In both our professional and personal lives, from the time we wake up until the time we turn in, we are becoming increasingly tied to technology, especially mobile devices. Smartphone usage alone in the United States is expected to reach 137 million in 2013, according to eMarketer. While exercise was once an opportunity to disconnect, our desire to be connected has begun to infiltrate fitness and health clubs. Mobile fitness apps, virtual trainers and on-demand workout videos have placed fitness at our fingertips.
Given this fact, the possibility exists that individuals will opt out of traditional health club memberships, group fitness classes or personal training sessions, electing instead to rely on some form of fitness technology as their guide. As an industry professional, it is likely that this shift will require you to reevaluate your role as a wellness facilitator and the types of programs you are providing.
Invest in your people first. In order to remain relevant amidst advancing technologies and stay competitive in the marketplace, it is essential to improve the quality of services being delivered. This does not mean breaking the budget with the purchase of new equipment. Instead, devote your energy to creating a new culture in the wellness department and on the fitness floor. Recruit, train and develop employees who are genuine, qualified and invested in the mission of your organization. Create and clearly present the expectations you have for your staff and the responsibilities they are expected to carry out. Then, require and encourage professional development by way of continuing education and team building. Doing so will unite the members of the wellness department in pursuit of one vision, ensuring that the needs of every member are met. With highly qualified fitness experts in place, your people will be able to outperform any online program available for download.
Give them what they want. Another strategy for keeping current members engaged while attracting new members is to provide innovative programming that requires professional coaching and supervision. Current trends in fitness reveal the popularity of functional training protocols, kettlebell workouts, and suspension systems. While it is possible for individuals to employ these training methods on their own, or as instructed by virtual trainers, offering safe, effective, result-based programs are likely to attract attention.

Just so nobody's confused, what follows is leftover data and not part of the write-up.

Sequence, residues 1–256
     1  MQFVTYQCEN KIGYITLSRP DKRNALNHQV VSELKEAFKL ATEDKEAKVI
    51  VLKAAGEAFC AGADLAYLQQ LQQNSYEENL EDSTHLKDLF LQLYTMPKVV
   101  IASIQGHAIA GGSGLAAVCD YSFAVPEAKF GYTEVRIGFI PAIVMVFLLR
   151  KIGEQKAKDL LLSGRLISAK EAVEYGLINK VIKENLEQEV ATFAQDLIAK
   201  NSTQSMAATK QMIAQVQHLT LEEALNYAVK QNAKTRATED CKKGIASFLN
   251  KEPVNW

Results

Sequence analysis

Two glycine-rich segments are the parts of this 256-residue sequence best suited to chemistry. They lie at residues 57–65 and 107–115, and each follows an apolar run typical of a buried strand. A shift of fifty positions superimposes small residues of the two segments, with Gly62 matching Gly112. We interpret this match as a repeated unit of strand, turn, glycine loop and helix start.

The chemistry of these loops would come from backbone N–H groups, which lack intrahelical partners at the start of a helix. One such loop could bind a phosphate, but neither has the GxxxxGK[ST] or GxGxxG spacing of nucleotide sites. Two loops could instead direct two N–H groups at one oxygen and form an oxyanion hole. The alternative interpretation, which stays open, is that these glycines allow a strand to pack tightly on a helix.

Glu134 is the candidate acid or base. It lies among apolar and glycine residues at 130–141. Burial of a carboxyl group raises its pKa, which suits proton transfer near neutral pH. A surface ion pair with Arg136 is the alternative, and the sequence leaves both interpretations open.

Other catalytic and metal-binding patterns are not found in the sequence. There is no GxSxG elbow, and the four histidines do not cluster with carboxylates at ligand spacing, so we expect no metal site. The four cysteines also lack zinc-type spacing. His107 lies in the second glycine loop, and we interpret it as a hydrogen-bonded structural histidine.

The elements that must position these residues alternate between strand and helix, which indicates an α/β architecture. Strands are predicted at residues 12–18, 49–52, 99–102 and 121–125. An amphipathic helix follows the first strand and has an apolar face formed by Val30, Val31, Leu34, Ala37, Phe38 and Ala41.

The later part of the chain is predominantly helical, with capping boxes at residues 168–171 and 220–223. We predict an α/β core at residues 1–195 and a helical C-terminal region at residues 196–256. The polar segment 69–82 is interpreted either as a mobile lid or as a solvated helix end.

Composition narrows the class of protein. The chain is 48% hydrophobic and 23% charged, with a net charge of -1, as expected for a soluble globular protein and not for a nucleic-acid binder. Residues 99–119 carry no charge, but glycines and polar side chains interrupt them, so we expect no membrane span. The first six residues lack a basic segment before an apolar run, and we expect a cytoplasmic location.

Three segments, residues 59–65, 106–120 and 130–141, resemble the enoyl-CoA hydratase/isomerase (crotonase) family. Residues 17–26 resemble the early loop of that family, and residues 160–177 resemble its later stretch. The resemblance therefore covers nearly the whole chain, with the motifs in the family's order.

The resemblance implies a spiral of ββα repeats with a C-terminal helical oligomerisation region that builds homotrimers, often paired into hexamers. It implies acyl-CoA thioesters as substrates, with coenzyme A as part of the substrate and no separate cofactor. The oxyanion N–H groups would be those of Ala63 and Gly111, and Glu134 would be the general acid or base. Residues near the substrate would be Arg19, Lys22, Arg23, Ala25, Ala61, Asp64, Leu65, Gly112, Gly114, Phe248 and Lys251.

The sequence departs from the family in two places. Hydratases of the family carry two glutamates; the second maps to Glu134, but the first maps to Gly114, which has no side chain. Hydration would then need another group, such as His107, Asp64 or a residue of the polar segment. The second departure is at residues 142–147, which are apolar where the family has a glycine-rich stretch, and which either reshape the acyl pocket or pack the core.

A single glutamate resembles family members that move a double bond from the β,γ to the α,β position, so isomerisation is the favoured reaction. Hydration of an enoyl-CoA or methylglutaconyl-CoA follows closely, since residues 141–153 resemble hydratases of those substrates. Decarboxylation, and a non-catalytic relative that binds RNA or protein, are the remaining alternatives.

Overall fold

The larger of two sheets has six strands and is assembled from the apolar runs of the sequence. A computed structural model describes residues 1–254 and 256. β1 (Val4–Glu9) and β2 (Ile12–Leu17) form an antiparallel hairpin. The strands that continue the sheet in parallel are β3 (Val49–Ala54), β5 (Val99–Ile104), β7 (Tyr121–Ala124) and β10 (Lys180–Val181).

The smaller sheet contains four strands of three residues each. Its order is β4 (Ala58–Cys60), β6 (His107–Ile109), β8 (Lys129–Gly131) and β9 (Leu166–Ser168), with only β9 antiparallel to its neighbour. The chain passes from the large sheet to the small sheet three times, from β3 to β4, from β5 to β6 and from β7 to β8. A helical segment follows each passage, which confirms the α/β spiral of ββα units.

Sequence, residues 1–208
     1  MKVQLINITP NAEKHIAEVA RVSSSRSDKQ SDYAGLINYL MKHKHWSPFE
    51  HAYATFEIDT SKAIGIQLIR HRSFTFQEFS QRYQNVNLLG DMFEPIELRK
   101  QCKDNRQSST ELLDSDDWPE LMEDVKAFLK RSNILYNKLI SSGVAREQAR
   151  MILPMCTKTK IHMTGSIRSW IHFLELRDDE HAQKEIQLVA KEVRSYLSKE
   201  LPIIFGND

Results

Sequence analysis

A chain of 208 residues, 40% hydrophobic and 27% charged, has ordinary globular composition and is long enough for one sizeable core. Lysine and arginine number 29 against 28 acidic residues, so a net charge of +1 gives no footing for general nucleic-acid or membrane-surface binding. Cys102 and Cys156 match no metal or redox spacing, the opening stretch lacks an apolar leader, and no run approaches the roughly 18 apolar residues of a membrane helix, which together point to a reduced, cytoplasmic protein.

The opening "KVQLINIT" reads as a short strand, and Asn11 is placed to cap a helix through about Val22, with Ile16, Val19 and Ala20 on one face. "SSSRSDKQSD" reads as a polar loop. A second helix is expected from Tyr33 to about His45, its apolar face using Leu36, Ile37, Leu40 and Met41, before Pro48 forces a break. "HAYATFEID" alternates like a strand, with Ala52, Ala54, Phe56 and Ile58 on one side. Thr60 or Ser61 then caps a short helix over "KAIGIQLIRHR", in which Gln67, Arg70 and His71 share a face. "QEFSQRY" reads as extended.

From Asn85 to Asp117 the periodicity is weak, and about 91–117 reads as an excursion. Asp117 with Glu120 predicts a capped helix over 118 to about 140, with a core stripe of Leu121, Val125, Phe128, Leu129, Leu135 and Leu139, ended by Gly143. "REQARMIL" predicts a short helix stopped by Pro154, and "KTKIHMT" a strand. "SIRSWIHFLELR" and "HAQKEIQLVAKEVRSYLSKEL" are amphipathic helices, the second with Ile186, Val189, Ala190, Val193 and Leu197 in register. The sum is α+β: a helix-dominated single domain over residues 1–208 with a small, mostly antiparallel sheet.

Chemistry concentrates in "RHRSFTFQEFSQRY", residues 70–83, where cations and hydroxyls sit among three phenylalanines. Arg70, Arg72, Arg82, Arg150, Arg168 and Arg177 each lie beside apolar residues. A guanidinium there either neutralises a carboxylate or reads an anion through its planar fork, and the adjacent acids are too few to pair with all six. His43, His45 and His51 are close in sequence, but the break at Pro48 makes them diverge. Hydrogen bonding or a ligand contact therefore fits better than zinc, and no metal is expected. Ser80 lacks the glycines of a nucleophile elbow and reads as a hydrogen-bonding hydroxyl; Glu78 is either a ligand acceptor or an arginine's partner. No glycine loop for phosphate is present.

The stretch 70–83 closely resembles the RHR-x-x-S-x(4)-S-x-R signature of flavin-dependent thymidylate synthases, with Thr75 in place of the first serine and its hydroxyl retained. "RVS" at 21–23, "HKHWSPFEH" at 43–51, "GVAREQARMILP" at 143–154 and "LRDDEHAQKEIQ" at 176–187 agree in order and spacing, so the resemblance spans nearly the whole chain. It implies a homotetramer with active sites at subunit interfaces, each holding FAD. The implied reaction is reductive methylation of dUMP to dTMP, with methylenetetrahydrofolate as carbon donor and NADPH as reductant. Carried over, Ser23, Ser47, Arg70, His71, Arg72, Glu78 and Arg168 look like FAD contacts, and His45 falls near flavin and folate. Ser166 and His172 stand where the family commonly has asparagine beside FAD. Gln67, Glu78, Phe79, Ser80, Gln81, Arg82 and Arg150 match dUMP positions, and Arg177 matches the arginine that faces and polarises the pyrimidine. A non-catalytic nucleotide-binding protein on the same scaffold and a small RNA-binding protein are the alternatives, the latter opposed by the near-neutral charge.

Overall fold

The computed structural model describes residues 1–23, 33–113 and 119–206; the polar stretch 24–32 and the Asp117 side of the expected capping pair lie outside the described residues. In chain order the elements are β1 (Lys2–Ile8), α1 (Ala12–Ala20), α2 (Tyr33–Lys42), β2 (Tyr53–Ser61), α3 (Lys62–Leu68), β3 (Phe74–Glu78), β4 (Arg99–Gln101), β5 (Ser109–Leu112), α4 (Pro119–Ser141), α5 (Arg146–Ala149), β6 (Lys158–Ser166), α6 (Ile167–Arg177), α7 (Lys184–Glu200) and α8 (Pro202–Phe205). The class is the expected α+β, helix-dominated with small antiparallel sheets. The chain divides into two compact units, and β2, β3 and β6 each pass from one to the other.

Taking a closer look at programming options, trendy fitness programs in a small group setting have the potential to attract participation from Generation Y, Millennials and Baby Boomers. With a relatively small investment in equipment, it is possible to keep your members focused on your instructors, not a website, for their workouts.
Create a community to foster accountability. With 51 percent of consumers using their smartphones during a workout, it is important that we know what they are doing. Listening to music, tracking pace, charting workouts, recording meals or sharing results with friends are among the most common uses. Lab42 research found that 74 percent of consumers believe technology has had a positive impact on their fitness plan and overall motivation. This information should not come as a surprise to fitness professionals. We know that recording workouts and meals will help promote consistency, just as sharing results will foster accountability and serve as motivation to continue improving.
Instead of being supplanted by websites and apps that are nothing more than a journal, take action. Create a community of like-minded fitness seekers that engages members as they navigate their path to healthy living. Present exercise and nutrition challenges to inspire progress, informative classes that impart knowledge and a rewards program to provide recognition. Offer a runners club, recreation league or swim team that can connect people without the need for an Internet connection. Finally, don’t forget to include programs and events for children and families. Promoting healthy habits and physical activity among the youth population will attract members, but more importantly, it will help combat childhood obesity.
Takeaway. With the right people in place to deliver programs that can’t or aren’t being offered online, you will have positioned your club to compete in a technologically diverse marketplace. More importantly, having developed a community among members and new culture among employees, you will be poised to exceed where technology falls short. While a mobile device is capable to make a workout, a fitness professional possesses the power to make a difference.